Despite the limitations, the study is the first of its kind and provides a benchmark on which other studies can build. Engagement in extreme sports is likely to continue despite the high risk of injury or death. Knowing as much as we can about why people engage in such risky behaviour is clearly of great value psychologically.

Dr. Mark Griffiths, Professor of Gambling Studies, International Gaming Research Unit, Nottingham Trent University, Nottingham, UK

Further reading

Castanier, C., Le Scanff, C., & Woodman, T. (2010). Who takes risks in high-risk sports? A typological personality approach. Research Quarterly for Exercise and Sport, 81, 478–484.

Cloninger, C. R., Przybeck, T. R., Svrakic, D. M., & Wetzel, R. D. (1994a). Basic description of the personality scales. In C. R. Cloninger (Ed.), The Temperament and Character Inventory (TCI): A guide to its development and use (pp. 19–27). St Louis, MO: Center for Psychobiology of Personality, Washington University.

Monasterio, E., & Mei-Dan, O. (2008). Risk and severity of injury in a population of BASE jumpers. New Zealand Medical Journal, 121, 70–75.

Monasterio, E., Mulder, R., Frampton, C., & Mei-Dan, O. (2012). Personality characteristics of BASE jumpers. Journal of Applied Sport Psychology, 24, 391-400

Pain, M.T., & Pain, M.A. (2005). Essay: Risk taking in sport. Lancet, 366, Suppl 1, S33–34.

Zuckerman, M. (1983). Sensation seeking and sports. Personality and Individual Differences, 4, 285–294.

Zuckerman, M., & Cloninger, C. R. (1996). Relationship between Cloninger’s, Zuckerman’s and Eysenck’s dimensions of personality. Personality and Individual Differences, 21, 283–285.

No lady luck: A case study of adolescent female slot machine addiction

Based on research into adolescent slot machine playing, all British research has found that most adolescent slot machine players are male and that very few female adolescent slot machine addicts have ever been identified in the literature. The main findings relating to adolescent female slot machine players were published in papers by Dr. Sue Fisher and myself (mostly in the 1990s). In 1993, Dr. Fisher reported the existence of teenage females with no playing skills and little interest in acquiring them, and who gamble on slot machines primarily to gain access to the arcade venue where they can socialize with their friends (calling them ‘Rent-a-Spacers’). Their preferred role is one of ‘spectator’. In an earlier published (1991) study in the Journal of Applied and Community Psychology, I observed that arcades were a meeting place for adolescent social groups in which playing activity was predominantly male-oriented with girls looking on in ‘cheerleader’ roles. In 2003, I published a rare case study of an adolescent female slot machine addict (who I called ‘Jo’) and thought I would share some of the things I found from that study in today’s blog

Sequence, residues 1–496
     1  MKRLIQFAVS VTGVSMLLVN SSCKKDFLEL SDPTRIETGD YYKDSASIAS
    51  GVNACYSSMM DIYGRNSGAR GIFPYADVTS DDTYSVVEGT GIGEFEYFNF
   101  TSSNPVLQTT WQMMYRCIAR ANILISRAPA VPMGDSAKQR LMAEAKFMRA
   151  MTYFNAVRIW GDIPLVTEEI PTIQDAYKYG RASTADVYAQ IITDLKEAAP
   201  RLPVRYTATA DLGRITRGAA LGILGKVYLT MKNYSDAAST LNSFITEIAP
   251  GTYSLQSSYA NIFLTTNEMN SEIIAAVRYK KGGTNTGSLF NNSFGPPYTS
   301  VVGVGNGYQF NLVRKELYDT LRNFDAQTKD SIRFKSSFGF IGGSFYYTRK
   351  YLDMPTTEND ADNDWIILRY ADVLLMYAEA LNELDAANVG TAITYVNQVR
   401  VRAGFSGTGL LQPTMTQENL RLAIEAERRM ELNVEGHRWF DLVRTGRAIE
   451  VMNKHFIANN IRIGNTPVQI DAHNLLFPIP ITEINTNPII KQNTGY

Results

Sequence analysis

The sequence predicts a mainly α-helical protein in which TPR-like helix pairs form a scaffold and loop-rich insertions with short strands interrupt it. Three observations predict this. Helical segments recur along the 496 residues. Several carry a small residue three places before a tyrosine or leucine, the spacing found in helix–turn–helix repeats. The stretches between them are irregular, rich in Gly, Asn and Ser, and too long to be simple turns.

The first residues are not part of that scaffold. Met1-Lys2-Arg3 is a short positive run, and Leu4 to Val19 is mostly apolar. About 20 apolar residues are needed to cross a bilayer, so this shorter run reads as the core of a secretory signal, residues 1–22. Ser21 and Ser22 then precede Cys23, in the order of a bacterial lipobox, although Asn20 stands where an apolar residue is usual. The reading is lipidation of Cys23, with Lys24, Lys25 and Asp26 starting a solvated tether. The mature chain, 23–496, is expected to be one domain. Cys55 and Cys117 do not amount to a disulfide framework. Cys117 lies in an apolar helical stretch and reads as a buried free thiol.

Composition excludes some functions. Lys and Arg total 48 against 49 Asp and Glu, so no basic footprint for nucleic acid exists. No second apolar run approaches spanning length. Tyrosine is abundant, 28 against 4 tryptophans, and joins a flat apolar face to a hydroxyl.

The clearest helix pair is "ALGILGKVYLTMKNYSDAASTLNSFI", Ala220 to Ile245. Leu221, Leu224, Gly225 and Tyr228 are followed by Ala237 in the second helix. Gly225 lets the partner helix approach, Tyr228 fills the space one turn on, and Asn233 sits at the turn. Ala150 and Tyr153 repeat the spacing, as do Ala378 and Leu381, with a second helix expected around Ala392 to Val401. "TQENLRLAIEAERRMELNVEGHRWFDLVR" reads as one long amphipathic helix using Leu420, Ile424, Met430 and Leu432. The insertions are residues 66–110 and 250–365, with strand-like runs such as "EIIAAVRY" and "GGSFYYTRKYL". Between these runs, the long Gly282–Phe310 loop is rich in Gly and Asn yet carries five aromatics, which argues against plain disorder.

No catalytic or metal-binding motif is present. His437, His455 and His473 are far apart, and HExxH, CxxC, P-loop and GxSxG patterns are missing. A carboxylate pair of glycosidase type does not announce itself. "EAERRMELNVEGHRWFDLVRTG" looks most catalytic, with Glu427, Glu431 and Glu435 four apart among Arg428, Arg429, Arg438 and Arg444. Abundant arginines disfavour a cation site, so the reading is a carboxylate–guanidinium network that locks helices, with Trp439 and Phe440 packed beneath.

During a nine-month period, I interviewed Jo three times formally and also maintained regular contact with her on an informal basis. She was confirmed as a probable pathological gambler using the American Psychiatric Association’s DSM-IV criteria for pathological gambling.

Jo was brought up as an only child in a seaside town in the South West of England. She described her parents as “comfortable, middle class and loving”. However, she also made reference to the fact that there were reasonably strict rules in the house. Her father was an insurance salesman and her mother was a schoolteacher. She went to a mixed school, and up to the age of 13 years she had good school reports and was in the top 10% of her class academically. She was also very good at sports (and was an active member of the school athletics club) and described herself as “physically stronger” than most of her peers. Jo claims she did not really relate to the other girls in her school and often got into playground fights with them. During her early adolescence she made a few good friends although these were mostly boys of her own age or a little older. She herself described her adolescent years as a “tomboy”. Educationally, she left school when she was 16 years old and got an office job working as an administrative assistant.

Jo started playing slot machines at a young age because they were so abundant in the town where she lived. She described them as “being part of the wallpaper”. To some extent, her parents encouraged her gambling. Like a lot of “seaside parents”, they often took Jo to the amusement arcades as a child for “a weekend treat”. Like many families, they did not see anything wrong with going to the seaside arcade because they felt it was “harmless fun and didn’t cost much.” However, these early experiences coupled with exposure to slot machines in her peer group were instrumental factors in Jo’s acquisition of slot machine playing. Living in a seaside town, access to the machines was widespread, and the main place for “hanging out” was at the local arcades. There were four or five of them because the town was a popular tourist attraction. Arcades provided a meeting point for her friends. She was part of a gang in which hanging around the arcades was one of the few activities that the group could engage in.